During the forty years that the Daintrees ran the Dilke Hotel, it was more than just a place of business. It became a warm and friendly home, not just for the family, but for teachers, businessmen and students. Doctors and dentists used the hotel rooms to see their patients. Miss Marion Kyllo used the dining room for many years to teach piano lessons. Gwen recalls that the kitchen area was the social hub of the hotel. “I remember Mother, Grannie and the Aunties sharing a cup of tea with their friends,” she writes. “In here, too, Mr. Mortin brightened the afternoon once a month when he called to collect the phone bill and tease ‘the girls’ over a cup of tea. There wasn’t private home with a happier kitchen.”

In the fall of 1945, things got tough for Eliza Daintree. Her mother became seriously ill, and this burden, combined with the constant daily routine and Christmas celebrations, taxed her strength. One day in her haste, she tripped over the family’s big St. Bernard dog and broke her shoulder. Gwen and her husband moved in to help with the hotel operations while her mother recuperated for six weeks in the hospital. 

Eliza Daintree with her grandson, Brian Bathgate, and the family dog, Rough, 
on the steps of the Dilke Hotel, 1947.  Source: Ploughshares & Prairie Trails (1982)
The fall of 1945 was also the ninth year that the Daintrees catered to American hunters. George supplied a car for the hunters and either chauffeured them himself or hired a driver to take them to the hunting areas. One fall, the Dilke Hotel hosted seven different groups from the States, including a Virginian had come for seven years i a row to hunt fowl in the district. “They required a lot of attention and kept us busy from three o’clock in the morning until they went to bed at night so we decided not to have that many again,” Eliza told the Leader-Post reporter in 1946. “We have nothing fancy, just plain ordinary cooking, but they must like it,” she said.  

In the 1950s, Eliza’s health began to deteriorate. The Daintrees sold the Dilke Hotel in 1962 and retired to Regina where Eliza passed away in 1967. George became an active member of the Regina Senior Citizen Centre, and married again in 1971. He died in December 1980 at age 97.

After the Daintrees

John and Dorothy Smith bought the Dilke hotel from the Daintrees in 1962. The 26-year-old parents of four children under the age of seven found the experience of moving from Regina into an old hotel in dire need of repair a bit scary. For one thing, the hotel had no sewer or water. With the help of volunteers from the village and area the Smiths renovated the hotel and opened it – complete with a beverage room which opened its doors to women.  The Smiths continued to modernize the hotel over the ten years that they owned it. The hotel changed hands many times between 1972 and present day.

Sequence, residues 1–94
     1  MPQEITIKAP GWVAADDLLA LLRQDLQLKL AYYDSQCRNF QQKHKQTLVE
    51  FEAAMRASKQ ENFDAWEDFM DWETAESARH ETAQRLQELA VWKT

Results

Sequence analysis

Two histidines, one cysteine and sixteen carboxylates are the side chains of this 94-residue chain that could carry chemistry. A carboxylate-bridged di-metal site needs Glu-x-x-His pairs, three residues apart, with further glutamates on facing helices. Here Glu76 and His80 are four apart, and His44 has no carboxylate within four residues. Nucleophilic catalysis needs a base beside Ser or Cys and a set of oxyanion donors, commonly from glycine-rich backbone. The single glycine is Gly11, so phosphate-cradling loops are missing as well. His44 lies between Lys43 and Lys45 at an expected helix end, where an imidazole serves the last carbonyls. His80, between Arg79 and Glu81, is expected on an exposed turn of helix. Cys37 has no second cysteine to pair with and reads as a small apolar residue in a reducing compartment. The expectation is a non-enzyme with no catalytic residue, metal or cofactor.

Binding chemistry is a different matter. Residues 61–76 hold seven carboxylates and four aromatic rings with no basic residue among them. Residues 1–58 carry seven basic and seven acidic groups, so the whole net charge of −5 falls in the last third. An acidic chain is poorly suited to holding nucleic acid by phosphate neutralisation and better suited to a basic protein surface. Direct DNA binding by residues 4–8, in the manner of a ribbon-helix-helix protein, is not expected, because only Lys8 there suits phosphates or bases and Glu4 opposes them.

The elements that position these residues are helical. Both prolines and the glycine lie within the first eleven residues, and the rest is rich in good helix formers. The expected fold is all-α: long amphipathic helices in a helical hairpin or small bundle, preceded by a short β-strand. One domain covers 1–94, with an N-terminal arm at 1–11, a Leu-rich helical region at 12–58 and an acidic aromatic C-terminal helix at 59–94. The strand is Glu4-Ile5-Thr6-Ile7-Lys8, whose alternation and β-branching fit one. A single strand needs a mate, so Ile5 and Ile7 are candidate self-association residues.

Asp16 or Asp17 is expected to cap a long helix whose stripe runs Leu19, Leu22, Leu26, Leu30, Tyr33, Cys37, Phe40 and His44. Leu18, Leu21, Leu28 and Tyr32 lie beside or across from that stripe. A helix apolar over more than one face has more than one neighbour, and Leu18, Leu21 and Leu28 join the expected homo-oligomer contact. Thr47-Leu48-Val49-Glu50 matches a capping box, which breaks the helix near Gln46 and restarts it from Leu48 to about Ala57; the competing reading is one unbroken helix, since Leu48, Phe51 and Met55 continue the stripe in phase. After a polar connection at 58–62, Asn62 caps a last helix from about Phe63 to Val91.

In 2010, the Dilke Hotel was for sale for $98,000.  By then, there were eight guest rooms on the upper floor with a common bathroom. The rest of the second floor was living quarters for the proprietor. The main floor had a 64-seat bar, a kitchen and office. A 40-seat patio off the bar was used in the summer months.  

Dilke Hotel, October 2011.  Joan Champ photo

The Dilke Hotel, 2008.  Photo courtesy of Ruth Bitner
Dilke Hotel, 2010. Source: Google Street View
 © Joan Champ 2011

Friday, 2 September 2011

Elkhorn Hotel at Morse

Elkhorn Hotel seen from Main Street in Morse, 1962. Walter Reed photo. Image source

Thanks to Kristine (Montgomery) Flynn for helping me with the research for this article, and for the use of her photographs.

The Elkhorn Hotel at Morse burned down twice before it finally put down roots. Jack Webster built the first Elkhorn Hotel in 1907 directly opposite the CPR station at the corner of Railway and Main. Three years later, in 1910, Webster’s hotel was destroyed by fire. Shortly afterwards, J. A. McAvoy came to Morse and erected the second Elkhorn Hotel which burned down in 1912. McAvoy was undeterred. He rebuilt the third Elkhorn even bigger than before, with steam heating, good lighting and the “finest sample rooms on the line” for commercial travelers.

Elkhorn Hotel, 1913. Image source
The Sodini Brothers bought the hotel from McAvoy in 1913. The Sodinis also owned hotels in Swift Current and Leader, Saskatchewan. While maintaining the good appearance of the Morse hotel, the Sodinis also enlarged the bar and put in a large stock of liquors. According to the Morse News, January 22, 1914, “This stock they kept increasing until it had attained the importance of being as complete a stock as carried by most wholesale houses.” Brando Sodini operated the Elkhorn for 25 years. His obituary in 1938 stated, “Brando, as he was best known by the travelling public and local citizens alike, was a great public-spirited  citizen, always ready to back any civic enterprise that was worthy of a name.”  His funeral service was held in the Elkhorn Hotel prior to the removal of his remains to Minneapolis for burial. Click to read obituary in Leader-Post